The elaborately decorated drinking fountain was listed a grade II historic building in 1987.During the bidding phase of the new town centre, one of the required conditions was an agreement to re-site the fountain close its original location. The move to Dartmouth Square in the High Street was accomplished in 1988. It is currently located at the entrance to the Farley Centre.

In 2013 plans were underway to move the fountain yet again to a knoll next to Reform Street Bridge which borders the park. However, recent rumours now suggest that the fountain will not be moved…

The canopied drinking fountain is design number 20, an elaborate 18 feet by 4 feet fountain, sold by Walter Macfarlane & Co, and manufactured at the Saracen Foundry, Possilpark, Glasgow, Scotland. Seated on a two tier octagonal plinth, the open filigree canopy is supported by eight columns with griffin terminals which are positioned over capitals with foliage frieze above square bases. Several column bases are inscribed: “W Macfarlane & Co Glasgow”.

The highly decorated cusped arches were trimmed with rope mouldings. Cartouches contained within each lunette host alternate images of cranes and swans and a dedication shield with the inscription, In/ Loving Memory Of/ Elizabeth Farley/ This Fountain Was Erected/ By Her Son/ Alderman Farley. J. P.  On each side arch faceplates provided a flat surface for an inscription using raised metal letters; often the useful monition, Keep the pavement dry. Civic virtues such as temperance were often extolled in inscriptions on drinking fountains.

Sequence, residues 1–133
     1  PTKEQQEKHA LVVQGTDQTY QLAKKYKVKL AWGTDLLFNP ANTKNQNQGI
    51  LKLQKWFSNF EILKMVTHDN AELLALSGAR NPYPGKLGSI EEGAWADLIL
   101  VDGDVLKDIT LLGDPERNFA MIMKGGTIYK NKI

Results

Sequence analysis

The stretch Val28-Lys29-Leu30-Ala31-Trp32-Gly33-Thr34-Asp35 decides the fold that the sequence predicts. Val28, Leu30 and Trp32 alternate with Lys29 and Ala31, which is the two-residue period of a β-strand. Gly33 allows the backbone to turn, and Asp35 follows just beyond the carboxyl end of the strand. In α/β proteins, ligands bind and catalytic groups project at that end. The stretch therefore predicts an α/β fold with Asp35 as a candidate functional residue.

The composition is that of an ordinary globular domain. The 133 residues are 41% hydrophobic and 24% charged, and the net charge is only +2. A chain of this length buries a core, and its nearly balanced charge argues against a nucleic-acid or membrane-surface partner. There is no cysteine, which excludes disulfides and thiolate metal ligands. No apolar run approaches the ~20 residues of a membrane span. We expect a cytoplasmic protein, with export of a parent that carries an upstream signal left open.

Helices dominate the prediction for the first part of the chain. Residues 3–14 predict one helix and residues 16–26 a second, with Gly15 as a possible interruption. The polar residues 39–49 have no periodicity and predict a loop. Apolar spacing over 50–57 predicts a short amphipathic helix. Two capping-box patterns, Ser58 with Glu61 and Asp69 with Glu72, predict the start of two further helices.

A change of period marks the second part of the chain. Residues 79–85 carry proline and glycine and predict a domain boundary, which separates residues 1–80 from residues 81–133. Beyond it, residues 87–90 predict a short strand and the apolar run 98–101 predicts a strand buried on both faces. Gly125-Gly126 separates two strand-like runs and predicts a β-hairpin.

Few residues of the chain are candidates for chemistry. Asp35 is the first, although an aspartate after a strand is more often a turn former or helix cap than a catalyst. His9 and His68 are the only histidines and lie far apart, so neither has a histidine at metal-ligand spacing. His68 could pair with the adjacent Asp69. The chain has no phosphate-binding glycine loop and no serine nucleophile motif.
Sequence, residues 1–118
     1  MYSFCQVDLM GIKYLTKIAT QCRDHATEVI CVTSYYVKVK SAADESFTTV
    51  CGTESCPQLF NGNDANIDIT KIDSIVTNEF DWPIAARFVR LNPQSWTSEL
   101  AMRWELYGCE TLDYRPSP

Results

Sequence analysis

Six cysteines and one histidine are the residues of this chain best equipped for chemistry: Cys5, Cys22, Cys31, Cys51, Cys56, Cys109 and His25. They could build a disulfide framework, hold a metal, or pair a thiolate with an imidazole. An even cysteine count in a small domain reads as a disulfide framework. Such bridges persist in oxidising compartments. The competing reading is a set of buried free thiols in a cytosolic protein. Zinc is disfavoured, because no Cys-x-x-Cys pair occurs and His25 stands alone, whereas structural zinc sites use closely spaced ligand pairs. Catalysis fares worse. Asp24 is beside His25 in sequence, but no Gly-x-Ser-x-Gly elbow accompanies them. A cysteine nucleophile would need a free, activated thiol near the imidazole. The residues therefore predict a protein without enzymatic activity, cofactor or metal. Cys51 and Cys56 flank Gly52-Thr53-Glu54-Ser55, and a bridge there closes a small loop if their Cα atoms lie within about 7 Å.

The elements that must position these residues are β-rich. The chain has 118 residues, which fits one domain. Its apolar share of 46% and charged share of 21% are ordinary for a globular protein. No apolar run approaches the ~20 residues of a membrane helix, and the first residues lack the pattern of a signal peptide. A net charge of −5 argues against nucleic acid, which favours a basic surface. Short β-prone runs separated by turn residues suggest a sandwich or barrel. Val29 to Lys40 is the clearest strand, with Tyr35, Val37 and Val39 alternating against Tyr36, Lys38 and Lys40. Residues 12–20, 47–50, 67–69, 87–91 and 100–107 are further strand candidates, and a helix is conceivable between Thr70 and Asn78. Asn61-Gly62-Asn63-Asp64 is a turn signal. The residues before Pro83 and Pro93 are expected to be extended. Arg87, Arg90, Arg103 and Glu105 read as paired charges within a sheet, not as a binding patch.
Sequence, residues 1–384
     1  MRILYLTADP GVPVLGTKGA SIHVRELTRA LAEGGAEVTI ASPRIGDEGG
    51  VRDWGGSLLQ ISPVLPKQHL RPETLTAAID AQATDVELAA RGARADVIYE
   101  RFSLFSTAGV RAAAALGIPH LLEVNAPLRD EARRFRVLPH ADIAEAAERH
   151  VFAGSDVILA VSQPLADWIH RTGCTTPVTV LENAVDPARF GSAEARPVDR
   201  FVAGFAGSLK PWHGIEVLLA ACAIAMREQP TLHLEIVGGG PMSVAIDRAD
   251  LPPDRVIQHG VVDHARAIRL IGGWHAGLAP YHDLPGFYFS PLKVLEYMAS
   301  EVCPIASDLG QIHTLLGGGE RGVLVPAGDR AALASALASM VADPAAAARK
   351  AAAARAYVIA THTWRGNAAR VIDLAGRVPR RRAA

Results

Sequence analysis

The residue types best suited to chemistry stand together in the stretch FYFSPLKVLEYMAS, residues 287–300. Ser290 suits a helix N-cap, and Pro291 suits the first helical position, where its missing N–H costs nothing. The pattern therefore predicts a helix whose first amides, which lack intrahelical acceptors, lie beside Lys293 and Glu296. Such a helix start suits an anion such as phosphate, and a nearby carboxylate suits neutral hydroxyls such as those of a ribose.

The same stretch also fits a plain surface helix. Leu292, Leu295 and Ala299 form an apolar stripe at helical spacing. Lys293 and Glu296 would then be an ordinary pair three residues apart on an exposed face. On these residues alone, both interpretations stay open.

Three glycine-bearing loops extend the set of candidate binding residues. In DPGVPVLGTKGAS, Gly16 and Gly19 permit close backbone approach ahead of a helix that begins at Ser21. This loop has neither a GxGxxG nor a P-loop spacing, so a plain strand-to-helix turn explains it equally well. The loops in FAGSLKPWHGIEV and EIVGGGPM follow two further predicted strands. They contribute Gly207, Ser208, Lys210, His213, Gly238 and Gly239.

Doves and flowers offer decorative relief on the circular, ribbed dome. The internal capitals contain flowers and the internal lunettes are lion mascarons. The structure is surmounted with an eagle finial.

Under the canopy stands the font (design number 18.) A circular shaft, ornamented with water lilies, rests on a wide base with canted corners. Four lion jambs support four highly decorated quatrefoil basins. Rising from the centre is a pyramid shaped stanchion decorated with swan and bird decoration. A kylix-shaped lamp terminal with four consoles offer drinking cups suspended by chains.